Larsen v. Northland Transportation Co.
Annotate this Case
292 U.S. 20 (1934)
U.S. Supreme Court
Larsen v. Northland Transportation Co., 292 U.S. 20 (1934)
Larsen v. Northland Transportation Co.
Argued March 14, 1934
Decided April 2, 1934
292 U.S. 20
CERTIORARI TO THE CIRCUIT COURT OF APPEALS
FOR THE NINTH CIRCUIT
1. When sued for damages in a state court, a shipowner is not obliged to submit to that court his claim for limitation of liability even when there is only one owner and one claim against him. P. 292 U. S. 23.
2. The right to limit liability is not waived by failing to set it up in a state court. Id.
3. Statutory provisions for limitation of liability should be construed liberally to effectuate their purpose. P. 292 U. S. 24.
4. A judgment is not conclusive of those matters as to which a party had the option to litigate but did not in fact do so. P. 292 U. S. 25.
66 F.2d 651 affirmed.
Certiorari, 290 U.S. 624, to review the reversal of a decree dismissing a petition to limit liability.
MR. JUSTICE McREYNOLDS delivered the opinion of the Court.
For personal injuries negligently inflicted, petitioner Larsen sought judgment in the superior court, King county, Wash., against respondent transportation company, alleged owner and operator of motor ship Norco. The complaint contained no reference to other claimants or creditors. The company made general denial; also set up contributory negligence and assumption of risk. It said nothing concerning any other creditor or claimant or desire to limit liability.
After verdict, September 22, 1932, judgment for $12,500 against the company followed, October 1. It then petitioned the United States District Court for limitation of liability. The petition recited the circumstances leading to the judgment, prayed for an appraisement of the company's interest as charterer and the pending freight, monition against all persons claiming damages, an appropriate decree.
Larsen moved to dismiss this petition because: the facts alleged are not sufficient.
"There is only one possible claimant and one charterer of the motor vessel Norco, and therefore the petitioner might have claimed and obtained
the advantage and benefit of the limitation of liability statute by proper pleading in the action which has been determined in the Superior Court of the Washington for King County. . . . The petitioner failed and refused to claim the advantage and benefit of the limitation of liability statute, in said Superior Court of the Washington, and thereby waived its right to claim and obtain the advantage and benefit of said statute."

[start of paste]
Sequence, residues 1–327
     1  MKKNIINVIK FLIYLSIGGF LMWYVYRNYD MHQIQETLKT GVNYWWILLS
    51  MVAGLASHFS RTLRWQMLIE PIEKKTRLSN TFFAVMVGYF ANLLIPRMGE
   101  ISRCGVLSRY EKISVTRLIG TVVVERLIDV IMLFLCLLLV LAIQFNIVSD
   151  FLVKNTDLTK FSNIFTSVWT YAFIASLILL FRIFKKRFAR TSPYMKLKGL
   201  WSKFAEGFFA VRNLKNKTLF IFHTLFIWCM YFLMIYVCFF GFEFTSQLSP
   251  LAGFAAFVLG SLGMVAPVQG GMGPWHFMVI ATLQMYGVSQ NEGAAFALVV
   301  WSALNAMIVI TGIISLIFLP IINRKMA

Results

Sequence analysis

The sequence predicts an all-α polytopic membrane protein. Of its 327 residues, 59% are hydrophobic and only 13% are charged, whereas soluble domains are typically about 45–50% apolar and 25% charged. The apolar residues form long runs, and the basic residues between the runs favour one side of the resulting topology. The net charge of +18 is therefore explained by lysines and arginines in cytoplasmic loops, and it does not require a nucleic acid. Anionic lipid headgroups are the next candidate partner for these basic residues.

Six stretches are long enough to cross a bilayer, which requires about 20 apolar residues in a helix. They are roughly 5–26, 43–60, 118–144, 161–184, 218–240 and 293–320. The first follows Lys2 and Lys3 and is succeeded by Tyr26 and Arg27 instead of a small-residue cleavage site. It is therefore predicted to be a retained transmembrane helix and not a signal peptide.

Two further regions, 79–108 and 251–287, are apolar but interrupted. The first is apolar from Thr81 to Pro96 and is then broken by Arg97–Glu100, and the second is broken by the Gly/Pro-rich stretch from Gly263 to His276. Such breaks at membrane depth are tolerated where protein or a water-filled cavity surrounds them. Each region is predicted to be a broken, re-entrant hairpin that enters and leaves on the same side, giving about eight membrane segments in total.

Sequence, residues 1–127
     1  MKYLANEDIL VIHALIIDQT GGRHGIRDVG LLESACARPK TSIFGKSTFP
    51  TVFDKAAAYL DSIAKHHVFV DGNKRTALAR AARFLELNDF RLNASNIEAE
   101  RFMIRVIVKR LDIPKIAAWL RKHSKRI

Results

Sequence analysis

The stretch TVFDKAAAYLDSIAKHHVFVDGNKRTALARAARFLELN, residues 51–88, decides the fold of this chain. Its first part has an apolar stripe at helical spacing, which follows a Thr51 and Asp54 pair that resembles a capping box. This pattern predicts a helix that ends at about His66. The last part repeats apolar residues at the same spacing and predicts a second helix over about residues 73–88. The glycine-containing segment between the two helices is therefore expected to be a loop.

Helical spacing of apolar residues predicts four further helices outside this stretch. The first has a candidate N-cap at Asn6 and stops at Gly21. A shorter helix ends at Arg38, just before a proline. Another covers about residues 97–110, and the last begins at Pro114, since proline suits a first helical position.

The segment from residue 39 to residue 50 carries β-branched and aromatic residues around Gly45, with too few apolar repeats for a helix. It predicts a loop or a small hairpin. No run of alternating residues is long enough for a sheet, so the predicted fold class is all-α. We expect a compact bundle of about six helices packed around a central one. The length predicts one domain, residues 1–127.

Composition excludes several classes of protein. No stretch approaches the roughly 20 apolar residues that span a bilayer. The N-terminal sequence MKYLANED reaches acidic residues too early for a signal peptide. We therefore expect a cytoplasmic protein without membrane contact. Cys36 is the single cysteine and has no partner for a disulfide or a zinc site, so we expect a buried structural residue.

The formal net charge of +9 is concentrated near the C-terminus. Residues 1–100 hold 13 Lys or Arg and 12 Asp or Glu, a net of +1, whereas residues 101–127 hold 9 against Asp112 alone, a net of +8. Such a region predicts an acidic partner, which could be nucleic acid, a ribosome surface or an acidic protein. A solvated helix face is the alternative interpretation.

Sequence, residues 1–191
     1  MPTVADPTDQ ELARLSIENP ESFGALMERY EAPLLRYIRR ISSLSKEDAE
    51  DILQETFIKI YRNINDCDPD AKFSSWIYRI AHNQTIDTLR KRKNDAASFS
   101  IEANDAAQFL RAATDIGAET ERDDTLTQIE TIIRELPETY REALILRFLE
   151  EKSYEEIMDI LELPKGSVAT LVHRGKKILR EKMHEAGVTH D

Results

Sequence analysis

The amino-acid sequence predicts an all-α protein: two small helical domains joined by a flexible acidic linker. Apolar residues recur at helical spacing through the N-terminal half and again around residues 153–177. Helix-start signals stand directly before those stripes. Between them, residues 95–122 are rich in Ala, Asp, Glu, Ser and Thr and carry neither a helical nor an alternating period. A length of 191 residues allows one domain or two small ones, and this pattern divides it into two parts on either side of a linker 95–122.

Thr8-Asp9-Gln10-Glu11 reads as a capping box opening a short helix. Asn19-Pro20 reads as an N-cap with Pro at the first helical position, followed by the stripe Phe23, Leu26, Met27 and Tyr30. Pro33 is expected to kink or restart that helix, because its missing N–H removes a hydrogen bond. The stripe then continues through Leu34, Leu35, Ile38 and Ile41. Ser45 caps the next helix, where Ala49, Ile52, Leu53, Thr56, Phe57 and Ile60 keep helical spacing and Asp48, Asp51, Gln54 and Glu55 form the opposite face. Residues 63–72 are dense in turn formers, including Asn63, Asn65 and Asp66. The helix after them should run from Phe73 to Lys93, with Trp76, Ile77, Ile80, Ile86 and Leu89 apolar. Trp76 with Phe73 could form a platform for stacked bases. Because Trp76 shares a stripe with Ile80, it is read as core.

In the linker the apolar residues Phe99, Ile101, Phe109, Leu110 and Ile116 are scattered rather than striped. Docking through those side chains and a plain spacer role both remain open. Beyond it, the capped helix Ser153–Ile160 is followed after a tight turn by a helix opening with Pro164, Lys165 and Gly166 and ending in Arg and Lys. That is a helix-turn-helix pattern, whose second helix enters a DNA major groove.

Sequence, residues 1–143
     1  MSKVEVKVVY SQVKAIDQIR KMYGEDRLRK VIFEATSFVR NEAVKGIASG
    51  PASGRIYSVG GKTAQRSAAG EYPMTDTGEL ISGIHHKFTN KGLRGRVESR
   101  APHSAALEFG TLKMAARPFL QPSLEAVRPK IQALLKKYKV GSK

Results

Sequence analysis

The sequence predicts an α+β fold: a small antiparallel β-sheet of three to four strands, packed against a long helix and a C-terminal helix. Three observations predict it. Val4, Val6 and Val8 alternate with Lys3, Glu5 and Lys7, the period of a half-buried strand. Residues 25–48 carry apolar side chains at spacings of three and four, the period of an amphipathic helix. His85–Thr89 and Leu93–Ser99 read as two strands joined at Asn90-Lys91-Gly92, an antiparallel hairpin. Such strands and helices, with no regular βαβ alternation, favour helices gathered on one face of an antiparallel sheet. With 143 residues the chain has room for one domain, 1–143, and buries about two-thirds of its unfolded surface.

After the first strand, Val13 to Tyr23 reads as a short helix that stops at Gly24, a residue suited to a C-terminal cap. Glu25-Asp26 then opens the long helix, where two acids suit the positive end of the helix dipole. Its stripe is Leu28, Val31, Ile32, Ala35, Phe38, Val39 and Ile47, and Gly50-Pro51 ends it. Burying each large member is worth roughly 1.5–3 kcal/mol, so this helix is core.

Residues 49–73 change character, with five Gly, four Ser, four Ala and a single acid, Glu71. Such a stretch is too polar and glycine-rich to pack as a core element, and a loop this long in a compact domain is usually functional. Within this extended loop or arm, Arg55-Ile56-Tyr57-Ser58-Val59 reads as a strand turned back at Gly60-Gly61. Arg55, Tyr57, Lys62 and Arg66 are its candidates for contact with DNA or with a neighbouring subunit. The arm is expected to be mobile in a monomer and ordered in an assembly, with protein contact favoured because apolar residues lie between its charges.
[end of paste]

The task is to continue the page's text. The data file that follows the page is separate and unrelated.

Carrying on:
The trial court sustained this motion and dismissed the petition; the Circuit Court of Appeals reversed. The cause is here by certiorari granted upon Larsen's application which set out the following specifications of error:
Langnes v. Green, 282 U. S. 531, and Ex parte Green, 286 U. S. 437, were misconstrued; it was wrongly held that the District Court, sitting in admiralty, has exclusive jurisdiction to determine all questions involved in a proceeding for the limitation of liability where there is only one claimant and only one owner, and where the owner's right to limit liability is not disputed. It was wrongly held that the state court had no jurisdiction to entertain the claim of the shipowner for limitation of liability where there is only one claimant and only one owner, and where the owner's right to limit liability was not disputed. Also that, in such cases, the shipowner was under no obligation to submit his claim to limited liability to the state court, and the judgment of the state court was not res judicata as to all issues which might have been submitted for its decision.
In substance, the argument here presented for petitioner is this: prior to Langnes v. Green and Ex parte Green, decisions by inferior federal courts undoubtedly sustained the view that, while the state court might have determined the value of respondent's interest in vessel and pending freight and limited liability thereto, it was not
obligatory upon it to claim such limitation there, and, after judgment for damages, the right remained to institute limitation proceedings in the federal court. But those opinions have affirmed another view, and clearly establish that the state court had jurisdiction and was competent finally to consider all necessary facts and limit the liability. Consequently, after the adverse judgment, respondent could not seek limitation elsewhere; it was bound to present the whole matter to the state court.